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Rogue Cop

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Rogue Cop
Theatrical Film Poster
Directed byRoy Rowland
Screenplay bySydney Boehm
Based onthe novel
by William P. McGivern
Produced byNicholas Nayfack
StarringRobert Taylor
Janet Leigh
George Raft
CinematographyJohn F. Seitz
Edited byJames E. Newcom
Music byJeff Alexander
Distributed byMetro-Goldwyn-Mayer
Release date
  • September 17, 1954 (1954-09-17) (United States)
Running time
92 minutes
CountryUnited States
Box office$2,509,000[1]

Rogue Cop is a 1954 film noir directed by Roy Rowland, based on the novel by William P. McGivern, and starring Robert Taylor, Janet Leigh, and George Raft.[2]


Christopher Kelvaney is a crooked police officer who takes bribes and payoffs from criminals and other nefarious folk. His brother Eddie is a young member of the police force who is honest and loyal.

In a penny arcade, a drug dealer is stabbed to death by a man who claims the territory for himself, and Eddie witnesses a gangland murder. Mob boss Dan Beaumonte gives orders to Kelvaney to buy his brother's silence. Eddie refuses, and Kelvaney is unable to persuade Eddie's sweetheart, nightclub singer Karen Stephenson, to change his mind.

The ruthless Beaumonte brutally mistreats his moll Nancy Corlane, who then tries to help Kelvaney do what he has to do. Kelvaney exposes the fact that Karen was once a mobster's girlfriend in Miami. He gets her to admit that she's not in love with Eddie and is willing to let him go if it will save his life.

An out-of-town button-man named Langley is brought in to kill both brothers, but succeeds only in killing Eddie. His conscience aroused, Kelvaney goes after the mob leaders himself. He admits his corruption to superiors, but asks for a chance to bring them evidence that will put Beaumonte and others behind bars, particularly after Nancy is also found murdered. Kelvaney succeeds in gaining revenge for his brother.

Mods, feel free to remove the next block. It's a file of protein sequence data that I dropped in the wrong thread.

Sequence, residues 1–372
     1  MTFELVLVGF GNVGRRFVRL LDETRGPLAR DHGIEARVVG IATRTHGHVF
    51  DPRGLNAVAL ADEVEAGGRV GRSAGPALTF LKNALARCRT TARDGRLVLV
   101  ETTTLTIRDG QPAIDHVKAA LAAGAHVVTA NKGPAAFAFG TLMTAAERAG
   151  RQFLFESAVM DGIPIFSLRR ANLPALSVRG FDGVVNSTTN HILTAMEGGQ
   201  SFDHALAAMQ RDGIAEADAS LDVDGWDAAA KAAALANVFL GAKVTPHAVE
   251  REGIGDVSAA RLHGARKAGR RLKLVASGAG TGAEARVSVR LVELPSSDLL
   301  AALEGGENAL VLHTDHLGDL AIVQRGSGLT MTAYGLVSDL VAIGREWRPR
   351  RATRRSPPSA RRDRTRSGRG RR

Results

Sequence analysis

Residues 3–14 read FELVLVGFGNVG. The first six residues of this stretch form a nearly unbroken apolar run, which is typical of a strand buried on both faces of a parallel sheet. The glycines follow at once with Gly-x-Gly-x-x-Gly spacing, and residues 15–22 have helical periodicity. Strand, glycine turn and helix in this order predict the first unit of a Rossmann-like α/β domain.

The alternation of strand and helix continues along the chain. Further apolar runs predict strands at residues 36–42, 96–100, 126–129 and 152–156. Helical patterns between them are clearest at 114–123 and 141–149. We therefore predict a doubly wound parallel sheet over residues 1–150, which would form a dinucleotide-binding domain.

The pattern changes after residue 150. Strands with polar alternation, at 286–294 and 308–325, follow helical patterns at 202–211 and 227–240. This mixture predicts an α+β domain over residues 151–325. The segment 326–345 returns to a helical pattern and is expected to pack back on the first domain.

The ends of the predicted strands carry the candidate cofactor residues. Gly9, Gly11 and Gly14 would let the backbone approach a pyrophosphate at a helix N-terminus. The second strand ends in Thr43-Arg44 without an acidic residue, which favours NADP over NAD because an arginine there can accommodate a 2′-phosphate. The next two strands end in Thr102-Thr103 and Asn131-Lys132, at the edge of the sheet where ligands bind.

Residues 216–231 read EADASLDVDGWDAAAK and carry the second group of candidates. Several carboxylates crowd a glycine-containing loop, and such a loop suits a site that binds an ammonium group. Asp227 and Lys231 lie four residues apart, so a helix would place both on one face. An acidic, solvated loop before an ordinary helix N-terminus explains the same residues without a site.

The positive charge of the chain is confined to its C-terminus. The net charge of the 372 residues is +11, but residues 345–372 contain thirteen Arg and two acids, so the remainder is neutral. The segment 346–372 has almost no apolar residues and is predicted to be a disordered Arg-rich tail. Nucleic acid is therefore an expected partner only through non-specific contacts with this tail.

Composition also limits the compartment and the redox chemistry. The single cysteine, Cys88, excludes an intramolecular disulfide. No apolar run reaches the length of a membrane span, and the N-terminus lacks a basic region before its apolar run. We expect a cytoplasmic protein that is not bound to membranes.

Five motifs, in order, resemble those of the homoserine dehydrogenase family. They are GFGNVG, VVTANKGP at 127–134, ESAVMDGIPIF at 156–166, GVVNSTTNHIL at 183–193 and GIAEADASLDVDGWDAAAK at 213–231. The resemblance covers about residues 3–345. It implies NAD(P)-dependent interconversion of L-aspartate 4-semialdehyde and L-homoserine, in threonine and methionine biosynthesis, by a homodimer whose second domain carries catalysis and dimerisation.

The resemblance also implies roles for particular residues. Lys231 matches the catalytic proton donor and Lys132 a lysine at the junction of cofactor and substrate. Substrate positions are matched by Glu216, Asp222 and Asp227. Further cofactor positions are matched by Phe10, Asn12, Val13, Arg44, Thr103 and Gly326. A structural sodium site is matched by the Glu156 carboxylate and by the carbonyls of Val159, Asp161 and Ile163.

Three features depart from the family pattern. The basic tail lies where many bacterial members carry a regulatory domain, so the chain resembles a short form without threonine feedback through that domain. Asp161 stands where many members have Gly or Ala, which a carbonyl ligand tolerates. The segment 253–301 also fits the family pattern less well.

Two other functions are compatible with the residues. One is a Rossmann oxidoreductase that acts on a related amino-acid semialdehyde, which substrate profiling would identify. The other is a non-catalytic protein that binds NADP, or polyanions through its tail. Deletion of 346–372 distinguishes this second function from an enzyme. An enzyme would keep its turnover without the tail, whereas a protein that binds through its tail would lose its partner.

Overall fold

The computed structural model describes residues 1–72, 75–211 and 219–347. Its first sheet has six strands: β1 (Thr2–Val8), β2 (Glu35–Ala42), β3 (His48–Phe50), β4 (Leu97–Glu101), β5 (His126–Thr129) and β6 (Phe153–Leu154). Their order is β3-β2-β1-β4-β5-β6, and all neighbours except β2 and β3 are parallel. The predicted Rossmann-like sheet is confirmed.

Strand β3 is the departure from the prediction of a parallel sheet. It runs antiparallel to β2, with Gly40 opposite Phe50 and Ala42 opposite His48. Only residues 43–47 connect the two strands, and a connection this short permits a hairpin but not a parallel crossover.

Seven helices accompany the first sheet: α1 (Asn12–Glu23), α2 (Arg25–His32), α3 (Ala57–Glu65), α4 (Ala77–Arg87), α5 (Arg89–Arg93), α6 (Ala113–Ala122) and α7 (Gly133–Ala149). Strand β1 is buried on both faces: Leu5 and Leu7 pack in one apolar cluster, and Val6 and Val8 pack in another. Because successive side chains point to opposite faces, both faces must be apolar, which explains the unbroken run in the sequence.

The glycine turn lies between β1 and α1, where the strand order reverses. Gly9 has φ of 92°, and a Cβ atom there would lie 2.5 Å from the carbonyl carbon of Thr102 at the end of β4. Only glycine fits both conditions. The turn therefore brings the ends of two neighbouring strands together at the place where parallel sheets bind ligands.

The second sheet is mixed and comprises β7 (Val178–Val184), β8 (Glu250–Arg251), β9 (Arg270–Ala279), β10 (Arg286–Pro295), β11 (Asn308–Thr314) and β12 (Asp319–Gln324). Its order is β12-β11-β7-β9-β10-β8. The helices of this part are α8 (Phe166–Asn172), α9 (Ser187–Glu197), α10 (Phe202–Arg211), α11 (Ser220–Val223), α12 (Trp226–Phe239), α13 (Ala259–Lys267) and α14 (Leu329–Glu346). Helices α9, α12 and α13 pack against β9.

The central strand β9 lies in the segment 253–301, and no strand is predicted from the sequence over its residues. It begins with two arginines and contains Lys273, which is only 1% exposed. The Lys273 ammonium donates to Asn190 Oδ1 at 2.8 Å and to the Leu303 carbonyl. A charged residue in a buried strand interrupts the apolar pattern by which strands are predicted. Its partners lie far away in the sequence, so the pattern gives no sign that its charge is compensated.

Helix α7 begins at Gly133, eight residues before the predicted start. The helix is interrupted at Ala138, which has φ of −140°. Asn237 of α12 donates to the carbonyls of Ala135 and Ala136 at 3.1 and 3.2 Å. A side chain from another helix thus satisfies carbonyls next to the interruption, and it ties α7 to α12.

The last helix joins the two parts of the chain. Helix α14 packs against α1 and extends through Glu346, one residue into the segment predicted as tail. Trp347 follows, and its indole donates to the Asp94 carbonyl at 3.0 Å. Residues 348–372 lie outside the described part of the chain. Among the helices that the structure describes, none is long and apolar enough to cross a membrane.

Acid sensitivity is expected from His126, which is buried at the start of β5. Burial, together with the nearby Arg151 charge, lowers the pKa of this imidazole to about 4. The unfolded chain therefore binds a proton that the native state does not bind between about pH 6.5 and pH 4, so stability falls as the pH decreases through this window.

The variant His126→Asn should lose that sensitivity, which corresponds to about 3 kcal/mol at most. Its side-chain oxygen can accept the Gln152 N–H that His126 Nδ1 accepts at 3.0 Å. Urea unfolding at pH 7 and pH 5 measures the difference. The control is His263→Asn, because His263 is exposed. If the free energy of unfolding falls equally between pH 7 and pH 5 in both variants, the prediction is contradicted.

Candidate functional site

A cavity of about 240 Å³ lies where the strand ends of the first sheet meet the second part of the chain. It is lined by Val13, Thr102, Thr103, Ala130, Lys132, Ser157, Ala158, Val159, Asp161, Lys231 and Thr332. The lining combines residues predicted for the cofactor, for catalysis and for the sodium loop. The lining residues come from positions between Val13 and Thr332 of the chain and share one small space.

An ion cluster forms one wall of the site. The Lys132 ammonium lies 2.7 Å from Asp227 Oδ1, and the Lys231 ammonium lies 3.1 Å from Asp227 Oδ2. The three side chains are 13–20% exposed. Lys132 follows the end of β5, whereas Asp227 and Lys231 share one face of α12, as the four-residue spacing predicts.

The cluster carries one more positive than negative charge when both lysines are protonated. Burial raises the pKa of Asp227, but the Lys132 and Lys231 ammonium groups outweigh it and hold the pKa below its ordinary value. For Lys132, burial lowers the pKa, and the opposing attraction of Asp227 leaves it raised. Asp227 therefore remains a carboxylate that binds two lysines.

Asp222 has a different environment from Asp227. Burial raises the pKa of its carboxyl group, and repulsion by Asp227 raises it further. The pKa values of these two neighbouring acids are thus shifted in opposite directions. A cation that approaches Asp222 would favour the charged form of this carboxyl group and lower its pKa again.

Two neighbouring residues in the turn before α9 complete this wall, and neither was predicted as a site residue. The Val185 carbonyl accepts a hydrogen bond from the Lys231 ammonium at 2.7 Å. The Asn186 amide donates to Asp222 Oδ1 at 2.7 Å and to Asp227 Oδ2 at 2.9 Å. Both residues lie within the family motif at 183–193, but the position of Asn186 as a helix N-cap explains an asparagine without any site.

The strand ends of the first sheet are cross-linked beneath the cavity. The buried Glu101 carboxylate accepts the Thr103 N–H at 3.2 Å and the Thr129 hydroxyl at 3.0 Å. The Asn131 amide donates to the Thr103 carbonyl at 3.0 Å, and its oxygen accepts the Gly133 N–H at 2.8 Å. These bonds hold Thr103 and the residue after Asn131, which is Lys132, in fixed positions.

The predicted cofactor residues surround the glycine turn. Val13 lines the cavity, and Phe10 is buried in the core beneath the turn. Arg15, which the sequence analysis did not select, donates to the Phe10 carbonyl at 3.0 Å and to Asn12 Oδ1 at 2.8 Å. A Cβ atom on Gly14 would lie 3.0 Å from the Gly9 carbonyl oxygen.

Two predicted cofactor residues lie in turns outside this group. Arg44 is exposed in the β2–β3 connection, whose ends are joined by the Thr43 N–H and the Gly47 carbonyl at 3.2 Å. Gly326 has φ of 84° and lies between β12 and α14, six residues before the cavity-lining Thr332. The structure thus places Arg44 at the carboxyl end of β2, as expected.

The film was based on a 1954 novel by William McGiven, who had written the novel on which The Big Heat was based. The New York Times called it "a classic study in guilt, retribution and atonement - without for an instant forgetting to tell an exciting story of swift action."[3]

MGM bought the screen rights prior to publication in November 1953 and assigned Nicholas Nayfack to produce. Sidney Boehm, who had adapted The Big Heat, wrote the script.[4]

In March 1954 MGM assigned Robert Taylor to star, with shooting to begin in May. Filming was pushed back on another Taylor film, Many Rivers to Cross.[5]

In April 1954 Roy Rowland was assigned to direct[6] Support roles were given to Janet Leigh, Steve Forrest and George Raft; the latter was making his first "A" picture in some years.[7]

It was the last film Leigh made under her contract at MGM where she had been for eight years.[8]

Anne Francis was cast as Raft's moll. Francis described it as "the one part I've been waiting for" and it led to her being signed to a long term contract by MGM.[9]


Box Office

According to MGM records the film earned $1,417,000 in the US and Canada and $1,092,000 elsewhere resulting in a profit of $920,000.[1]

Critical response

Film critic Bosley Crowther gave the film a positive review and wrote, "This is not a new thesis. They've been making movies on it for years. And Rogue Cop is not so exceptional in its construction or performance that it is likely to cause surprise. But it is a well-done melodrama, produced and directed in a hard, crisp style, and it is very well acted by Robert Taylor in the somewhat disagreeable title role...For what it is in the line of crime pictures, there's a lot to be said for Rogue Cop."[10]

It led to a brief comeback in "A" pictures for George Raft.[11]




  1. ^ a b c The Eddie Mannix Ledger, Los Angeles: Margaret Herrick Library, Center for Motion Picture Study.
  2. ^ Everett Aaker, The Films of George Raft, McFarland & Company, 2013 p 159
  3. ^ Criminals at Large By ANTHONY BOUCHER. New York Times 2 May 1954: BR28.
  4. ^ 5% WAGE RISE SET FOR FILM WORKERS: Union and Producers Reach Agreement on 4-Year Pact Retroactive to Oct. 25 By THOMAS M. PRYORSpecial to THE NEW YORK TIMES. New York Times 5 Nov 1953: 40.
  5. ^ COLUMBIA ASKING RIGHTS TO MUSICAL: Lot Owns Drama Version of 'My Sister Eilean,' but Wants Title to 'Wonderful Town' Special to THE NEW YORK TIMES. New York Times 30 Mar 1954: 24.
  6. ^ SCENARIST SIGNS TO BE A DIRECTOR: Richard Murphy Will Work in Dual Capacity on 'Gentle Wolfhound' at Columbia By THOMAS M. PRYORSpecial to The New York Times. New York Times 2 Apr 1954: 23.
  7. ^ Drama: Raft Sinister 'Rogue Cop' Star; Eighth Film for Stewart, Mann Set Schallert, Edwin. Los Angeles Times 3 Apr 1954: 17.
  8. ^ JANET LEIGH SIGNS CONTRACT AT U.-I.: Actress, Leaving M-G-M After 8 Years, to Make 4 Films -- Also Seeks Columbia Pact By THOMAS M. PRYORSpecial to The New York Times. New York Times 17 Apr 1954: 7.
  9. ^ Actress' Tenacity Pays Off: Tenacity of Anne Francis Gets Results in Hollywood Hopper, Hedda. Los Angeles Times (10 Oct 1954: D1.
  10. ^ Crowther, Bosly. The New York Times, film review, September 18, 1954. Last accessed: January 18, 2008.
  11. ^ Vagg, Stephen (February 9, 2020). "Why Stars Stop Being Stars: George Raft". Filmink.
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